Until next time...







Monday, 2 January 2017

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Here's a little New Year's gift to you all.

In other news I have recently completed this illustration for 'Paisley Rabbit & the Treehouse Contest'.

31 x 39cm watercolour and gouache
Here Paisley is meeting the site manager and architect as they, and the construction team, begin work on building Paisley's treehouse.

As you can see, I started out with a cobalt blue underpainting, in the hope all the shadows would remain cool which would create a nice contrast with the warm spots of dappled light. I must confess, once the watercolour painting was completed, I did introduce some pastel cobalt gouache to the shadow areas on the trucks.


Tuesday, 20 December 2016

Merry Christmas

Watch out for that tree, Santa!
Polar Bear Santa would like to wish you all a very Merry Christmas (and so would I)!! If you decide to leave out some biscuits and milk for the big bear, please remember Mrs Claus has put him on a strict diet, so the vittles will have to be digestives (without chocolate) and skimmed milk only. Do not, under any circumstances, serve mince pies or sherry - you have permission to save those for yourself.

Here's the linework on watercolour paper just before I started to paint. See if you can spot any changes I made later on as I painted (there is extra holly).

Thursday, 1 December 2016

'Paisley Rabbit and the Treehouse Contest' Continued

My last post on 'Paisley' gave you a sneaky peak at the huge treehouse cross-section I was working on - click here. Thankfully I eventually finished it and I'm going to show you the whole full colour version, including lots of details hitherto unseen on the web!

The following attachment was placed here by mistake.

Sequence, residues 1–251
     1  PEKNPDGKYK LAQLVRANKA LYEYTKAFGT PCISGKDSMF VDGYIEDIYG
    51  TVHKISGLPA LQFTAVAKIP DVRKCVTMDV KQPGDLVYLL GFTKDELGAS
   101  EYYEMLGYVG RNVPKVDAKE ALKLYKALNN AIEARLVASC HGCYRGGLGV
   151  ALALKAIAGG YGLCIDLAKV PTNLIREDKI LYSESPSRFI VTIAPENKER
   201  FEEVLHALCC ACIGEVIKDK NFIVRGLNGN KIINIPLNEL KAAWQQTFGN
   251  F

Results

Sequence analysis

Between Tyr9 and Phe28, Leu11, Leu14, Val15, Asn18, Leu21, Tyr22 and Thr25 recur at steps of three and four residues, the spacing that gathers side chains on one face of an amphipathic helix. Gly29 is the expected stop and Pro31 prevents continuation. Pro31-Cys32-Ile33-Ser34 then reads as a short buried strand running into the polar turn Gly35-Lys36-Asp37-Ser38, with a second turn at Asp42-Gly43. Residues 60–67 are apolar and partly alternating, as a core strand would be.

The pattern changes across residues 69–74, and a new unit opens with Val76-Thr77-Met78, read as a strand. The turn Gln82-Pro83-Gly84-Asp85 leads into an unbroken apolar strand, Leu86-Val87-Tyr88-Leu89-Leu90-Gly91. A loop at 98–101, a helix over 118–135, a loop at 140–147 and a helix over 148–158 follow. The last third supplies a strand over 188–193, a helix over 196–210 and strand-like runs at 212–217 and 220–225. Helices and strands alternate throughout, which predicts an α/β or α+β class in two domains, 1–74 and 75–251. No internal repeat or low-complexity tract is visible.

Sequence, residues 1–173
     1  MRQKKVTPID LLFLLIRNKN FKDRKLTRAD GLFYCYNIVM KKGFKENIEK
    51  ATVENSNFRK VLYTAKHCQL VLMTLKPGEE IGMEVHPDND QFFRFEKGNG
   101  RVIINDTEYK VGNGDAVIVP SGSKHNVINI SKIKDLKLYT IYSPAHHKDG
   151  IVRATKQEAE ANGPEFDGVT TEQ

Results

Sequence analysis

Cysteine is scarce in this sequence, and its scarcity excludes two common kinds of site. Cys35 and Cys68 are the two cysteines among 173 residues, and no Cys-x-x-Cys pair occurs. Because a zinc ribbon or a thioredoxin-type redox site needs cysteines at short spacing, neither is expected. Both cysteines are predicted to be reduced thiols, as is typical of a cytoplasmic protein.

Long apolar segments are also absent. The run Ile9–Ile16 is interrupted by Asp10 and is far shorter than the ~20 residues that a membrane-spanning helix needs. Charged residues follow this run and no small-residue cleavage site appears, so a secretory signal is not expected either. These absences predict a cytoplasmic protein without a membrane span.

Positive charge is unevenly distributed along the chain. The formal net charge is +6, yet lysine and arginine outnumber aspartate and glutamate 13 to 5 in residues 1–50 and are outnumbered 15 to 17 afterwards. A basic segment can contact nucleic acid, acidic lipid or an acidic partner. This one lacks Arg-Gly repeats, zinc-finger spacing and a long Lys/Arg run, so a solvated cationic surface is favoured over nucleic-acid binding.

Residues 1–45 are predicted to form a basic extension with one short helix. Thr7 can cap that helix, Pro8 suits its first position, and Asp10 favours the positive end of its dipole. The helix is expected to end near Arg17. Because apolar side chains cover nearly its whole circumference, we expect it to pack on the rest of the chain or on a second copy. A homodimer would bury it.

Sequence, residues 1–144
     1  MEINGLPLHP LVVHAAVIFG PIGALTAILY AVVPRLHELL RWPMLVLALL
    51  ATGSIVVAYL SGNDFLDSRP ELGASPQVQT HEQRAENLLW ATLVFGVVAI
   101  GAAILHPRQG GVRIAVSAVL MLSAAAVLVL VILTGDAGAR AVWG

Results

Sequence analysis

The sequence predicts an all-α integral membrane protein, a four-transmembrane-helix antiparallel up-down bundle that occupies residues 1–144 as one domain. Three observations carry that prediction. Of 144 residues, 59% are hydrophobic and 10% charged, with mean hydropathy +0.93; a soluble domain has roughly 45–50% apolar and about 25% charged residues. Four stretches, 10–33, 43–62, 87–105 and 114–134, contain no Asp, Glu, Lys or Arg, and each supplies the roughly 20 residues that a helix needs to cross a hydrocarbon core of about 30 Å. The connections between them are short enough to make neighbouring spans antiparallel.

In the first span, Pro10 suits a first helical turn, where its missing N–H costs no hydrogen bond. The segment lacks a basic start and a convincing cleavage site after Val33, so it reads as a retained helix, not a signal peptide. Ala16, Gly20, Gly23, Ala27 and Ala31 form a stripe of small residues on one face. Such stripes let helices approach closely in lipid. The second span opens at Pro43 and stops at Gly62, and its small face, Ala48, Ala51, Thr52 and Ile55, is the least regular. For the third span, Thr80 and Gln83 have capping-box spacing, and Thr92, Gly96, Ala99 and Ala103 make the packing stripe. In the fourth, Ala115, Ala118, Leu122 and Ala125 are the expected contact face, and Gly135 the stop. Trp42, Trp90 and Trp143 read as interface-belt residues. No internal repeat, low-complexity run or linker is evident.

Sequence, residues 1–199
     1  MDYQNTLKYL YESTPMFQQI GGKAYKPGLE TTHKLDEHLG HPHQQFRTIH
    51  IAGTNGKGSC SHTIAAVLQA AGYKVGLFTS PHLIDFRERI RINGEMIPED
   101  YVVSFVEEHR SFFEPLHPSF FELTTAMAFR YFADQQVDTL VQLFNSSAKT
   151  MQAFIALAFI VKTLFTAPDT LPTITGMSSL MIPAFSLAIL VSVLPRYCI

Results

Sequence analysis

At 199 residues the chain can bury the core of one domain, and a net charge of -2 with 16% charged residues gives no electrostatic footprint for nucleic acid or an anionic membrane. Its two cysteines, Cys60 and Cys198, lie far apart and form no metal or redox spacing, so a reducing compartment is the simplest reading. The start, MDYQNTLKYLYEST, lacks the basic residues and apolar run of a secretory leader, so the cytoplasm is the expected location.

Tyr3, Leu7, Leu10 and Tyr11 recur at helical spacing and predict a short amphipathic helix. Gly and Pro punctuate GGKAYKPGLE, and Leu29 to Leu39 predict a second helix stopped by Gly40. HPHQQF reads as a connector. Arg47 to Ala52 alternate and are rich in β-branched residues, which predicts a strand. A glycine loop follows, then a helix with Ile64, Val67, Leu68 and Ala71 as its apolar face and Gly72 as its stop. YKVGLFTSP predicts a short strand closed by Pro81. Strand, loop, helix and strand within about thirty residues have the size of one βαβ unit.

The Treehouse Cross-Section, watercolour and gouache 53 x 102cm
This took me roughly 30 days to complete and really pushed my studio's capabilities. For example the painting, when stretched on board, didn't fit my easel so I had to work with it propped against the wall. Also most of the time I was stood with my back against the opposite wall trying to take in the whole image as it progressed. You will see in the shots below, it was very easy to get lost in the details of this illustration and forget about how the whole painting should be knitted together with a consistency in colour, tone and level of detail.
A ball pool with individually painted plastic balls. Why, Chris, why!?
A well stocked cellar ready for Christmas festivities.
No treehouse is complete without a cinema
An American diner, because it's the 1950s (and America).
I think we'd all love an entrance hall like this.
Paisley's on personal library, with a secret staircase running through a hollow branch.
 










Tuesday, 1 November 2016

Christmas Card Packs

This is the card design I will be using this year.
Lovefromtheartist.com are now doing special Christmas card packs of 6 cards for £10 (£1.67 per card) and UK postage included. Click here to see the pack. You also have a choice of seasonal messages to pick from, for the inside of the cards. Please take a look.

Monday, 31 October 2016

More illustrations than you can shake a stick at...

'Hey, Toad, look over here.'